Mirvish+Gehry and the Jane Jacobs Effect
From the outset, Mirvish+Gehry has been cognizant of its place and impact within the city. Early designs were reshaped and moulded through a series of meetings with the Toronto City Council, Chief Planner Jennifer Keesmaat and groups of local stakeholders. After several months of collaboration, Mirvish+Gehry as we know it today was born.
Creating such a landmark edifice in a city requires many perspectives and considerations, from the level of nuts and bolts mechanics to a broader, more cultural angle. When thinking about urban development from the cultural perspective, one name immediately comes to mind—Jane Jacobs.
Jane Jacobs was a writer and activist, much of whose work focused on urban planning and development. Throughout her life in New York and Toronto, Jacobs reified and disseminated a new form of urbanism to which urban planners continue to refer.
She argued that cities were living beings and ecosystems, and when one looked out their windows onto city streets, they would see a sidewalk ballet, where people participated daily in an unchoreographed dance that is a key component of urban vitality. Whether it’s a local resident taking out their trash, a shop owner washing their storefront, a person on their way to work or someone hailing a cab, these people and their daily activities make up the tapestry that keeps a neighbourhood and city vibrant.
Jacobs’ views weren’t lost on Frank Gehry or David Mirvish, and some of her ideas are evident in the calculated design of Mirvish+Gehry. Jacobs always insisted that cities should be designed for people, and not for cars. Portions of Mirvish+Gehry are set farther back from the road than the existing façades, creating additional sidewalk space for pedestrian use and Jacobs’ daily ballet to play out.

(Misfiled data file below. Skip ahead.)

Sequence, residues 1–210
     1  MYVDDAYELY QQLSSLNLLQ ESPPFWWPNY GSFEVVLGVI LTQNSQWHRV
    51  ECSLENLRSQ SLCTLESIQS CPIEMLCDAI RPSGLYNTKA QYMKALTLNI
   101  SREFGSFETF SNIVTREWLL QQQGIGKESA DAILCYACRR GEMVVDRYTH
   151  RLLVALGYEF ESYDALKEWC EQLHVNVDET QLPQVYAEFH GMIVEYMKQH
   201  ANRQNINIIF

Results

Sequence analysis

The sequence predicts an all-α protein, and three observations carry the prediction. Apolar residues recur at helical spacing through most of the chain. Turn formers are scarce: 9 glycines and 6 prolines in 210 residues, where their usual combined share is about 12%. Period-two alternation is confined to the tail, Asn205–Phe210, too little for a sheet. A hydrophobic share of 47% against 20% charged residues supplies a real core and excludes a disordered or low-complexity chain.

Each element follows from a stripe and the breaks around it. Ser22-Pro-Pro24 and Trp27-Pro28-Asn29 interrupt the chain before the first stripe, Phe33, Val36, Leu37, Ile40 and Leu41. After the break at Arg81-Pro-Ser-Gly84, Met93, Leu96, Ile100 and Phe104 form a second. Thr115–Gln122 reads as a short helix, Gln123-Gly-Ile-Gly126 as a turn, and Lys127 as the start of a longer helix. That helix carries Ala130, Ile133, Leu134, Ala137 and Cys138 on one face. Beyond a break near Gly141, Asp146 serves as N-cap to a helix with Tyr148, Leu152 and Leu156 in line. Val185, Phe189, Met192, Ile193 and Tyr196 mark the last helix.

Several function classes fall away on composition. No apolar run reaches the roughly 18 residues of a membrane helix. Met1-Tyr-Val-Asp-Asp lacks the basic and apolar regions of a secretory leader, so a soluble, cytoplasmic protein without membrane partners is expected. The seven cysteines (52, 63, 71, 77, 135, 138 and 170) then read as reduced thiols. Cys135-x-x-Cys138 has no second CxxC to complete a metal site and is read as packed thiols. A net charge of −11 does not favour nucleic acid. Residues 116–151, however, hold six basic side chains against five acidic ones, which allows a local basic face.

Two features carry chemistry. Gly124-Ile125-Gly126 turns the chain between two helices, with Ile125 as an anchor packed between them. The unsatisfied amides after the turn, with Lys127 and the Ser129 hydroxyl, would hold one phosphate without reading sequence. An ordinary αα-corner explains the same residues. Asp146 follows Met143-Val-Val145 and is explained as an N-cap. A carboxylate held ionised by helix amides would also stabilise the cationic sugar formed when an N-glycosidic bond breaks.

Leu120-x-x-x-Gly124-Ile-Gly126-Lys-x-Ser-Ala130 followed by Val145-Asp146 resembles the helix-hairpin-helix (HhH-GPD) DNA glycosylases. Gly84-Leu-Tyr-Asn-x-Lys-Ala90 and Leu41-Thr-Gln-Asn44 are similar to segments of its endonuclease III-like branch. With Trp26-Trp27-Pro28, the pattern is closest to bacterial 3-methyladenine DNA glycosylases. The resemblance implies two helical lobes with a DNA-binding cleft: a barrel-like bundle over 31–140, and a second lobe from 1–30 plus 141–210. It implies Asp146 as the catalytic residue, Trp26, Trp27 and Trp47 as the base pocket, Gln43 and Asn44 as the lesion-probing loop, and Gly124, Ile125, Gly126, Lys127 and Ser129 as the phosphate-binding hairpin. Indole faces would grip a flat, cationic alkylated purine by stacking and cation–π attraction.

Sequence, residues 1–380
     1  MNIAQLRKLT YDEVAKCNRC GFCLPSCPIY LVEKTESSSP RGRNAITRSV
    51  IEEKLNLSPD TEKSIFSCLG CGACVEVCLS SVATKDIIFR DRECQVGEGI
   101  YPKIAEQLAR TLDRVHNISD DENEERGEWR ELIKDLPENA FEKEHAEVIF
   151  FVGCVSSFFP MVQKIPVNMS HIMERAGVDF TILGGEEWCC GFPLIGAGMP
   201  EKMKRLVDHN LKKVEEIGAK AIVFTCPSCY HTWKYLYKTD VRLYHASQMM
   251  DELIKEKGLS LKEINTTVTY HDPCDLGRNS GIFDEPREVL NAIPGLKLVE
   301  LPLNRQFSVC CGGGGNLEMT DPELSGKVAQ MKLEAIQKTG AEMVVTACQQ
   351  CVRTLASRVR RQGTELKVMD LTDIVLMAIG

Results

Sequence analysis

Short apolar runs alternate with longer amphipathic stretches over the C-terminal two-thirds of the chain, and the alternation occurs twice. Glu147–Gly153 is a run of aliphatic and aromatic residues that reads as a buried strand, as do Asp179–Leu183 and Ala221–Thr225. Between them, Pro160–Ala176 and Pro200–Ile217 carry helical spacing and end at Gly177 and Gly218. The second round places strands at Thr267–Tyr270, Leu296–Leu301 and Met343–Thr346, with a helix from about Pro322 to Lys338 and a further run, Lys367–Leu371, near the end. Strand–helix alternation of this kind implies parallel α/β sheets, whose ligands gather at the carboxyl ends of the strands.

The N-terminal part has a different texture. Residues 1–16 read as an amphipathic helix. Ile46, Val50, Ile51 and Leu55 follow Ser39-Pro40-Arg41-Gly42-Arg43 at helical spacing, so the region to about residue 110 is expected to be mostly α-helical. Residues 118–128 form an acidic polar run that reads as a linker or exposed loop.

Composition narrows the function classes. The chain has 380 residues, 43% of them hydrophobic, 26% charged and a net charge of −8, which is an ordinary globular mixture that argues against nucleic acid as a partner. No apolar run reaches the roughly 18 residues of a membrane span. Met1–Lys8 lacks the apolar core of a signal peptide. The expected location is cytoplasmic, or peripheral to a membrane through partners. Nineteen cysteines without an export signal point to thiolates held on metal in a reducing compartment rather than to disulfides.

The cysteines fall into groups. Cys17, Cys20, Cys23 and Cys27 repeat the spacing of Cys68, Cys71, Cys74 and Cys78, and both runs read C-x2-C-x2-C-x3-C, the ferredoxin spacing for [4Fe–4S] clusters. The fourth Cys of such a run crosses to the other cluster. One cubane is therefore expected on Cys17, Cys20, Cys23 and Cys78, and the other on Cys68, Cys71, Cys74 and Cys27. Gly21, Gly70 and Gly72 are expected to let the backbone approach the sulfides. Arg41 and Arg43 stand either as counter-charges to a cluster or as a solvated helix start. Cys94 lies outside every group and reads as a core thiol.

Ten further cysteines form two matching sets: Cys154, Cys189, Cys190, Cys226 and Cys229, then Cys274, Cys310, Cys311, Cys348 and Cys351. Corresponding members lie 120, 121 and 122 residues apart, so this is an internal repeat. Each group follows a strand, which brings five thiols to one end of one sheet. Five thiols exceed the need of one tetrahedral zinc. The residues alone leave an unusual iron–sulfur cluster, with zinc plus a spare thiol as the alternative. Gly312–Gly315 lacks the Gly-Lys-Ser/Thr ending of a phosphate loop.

Coming into her own during the mid-20th century, urban planners around Jacobs believed that population density was a problem to solved. This led to widespread destruction of older buildings to make way for more open spaces in cities, and an increase in suburban development and urban sprawl.
Jacobs was opposed to this approach to urban planning and a staunch advocate for high concentration and density. She believed that density was a key characteristic of safe, pleasant, healthy and economically successful neighbourhoods. By reaching a critical mass in terms of concentration and density, neighbourhoods become more diverse, vital and resilient.
Obviously, if the object is vital city life, the dwelling densities should go as high as they need to go to stimulate the maximum potential diversity in a city.
Jacobs was also a proponent of the adaptive reuse of heritage buildings. In her seminal work, The Death and Life of Great American Cities, she wrote at great lengths about the value that older buildings can add to a city’s fabric. She asserted that “[c]ities need old buildings so badly it is probably impossible for vigorous streets and districts to grow without them.”
Another key component of Jacobs’ visioning for successful urban planning was mixed-use buildings. Developing a neighbourhood with mixed-use constructions ensures a broad diversity of individuals of different ages using structures for various purposes and at various times. The varied use these buildings would help to create a community vitality that would be lacking otherwise and facilitate safer neighbourhoods through constant local activity.
These considerations were taken to heart in the design and planning process for Mirvish+Gehry. Both David Mirvish and Frank Gehry knew from the start that their soaring towers would be more than just residences, and would offer varied uses for the city. Currently, Mirvish+Gehry will offer housing, a satellite campus for OCAD University, retail and office space, and an art gallery open to the public comprised of Mirvish’s rare and unique collection of artworks. While some of these will be housed in the two new towers, some will also be housed in the preserved heritage buildings.
Although it’s not certain just yet who or what will be occupying all the spaces at Mirvish+Gehry, it is clear from the mixed-use nature of the project that it will add to the diversity and vitality of the ever-ebullient Entertainment District in Toronto.
Vital cities have marvelous innate abilities for understanding, communicating, contriving, and inventing what is required to combat their difficulties… Lively, diverse, intense cities contain the seeds of their own regeneration, with energy enough to carry over for problems and needs outside themselves.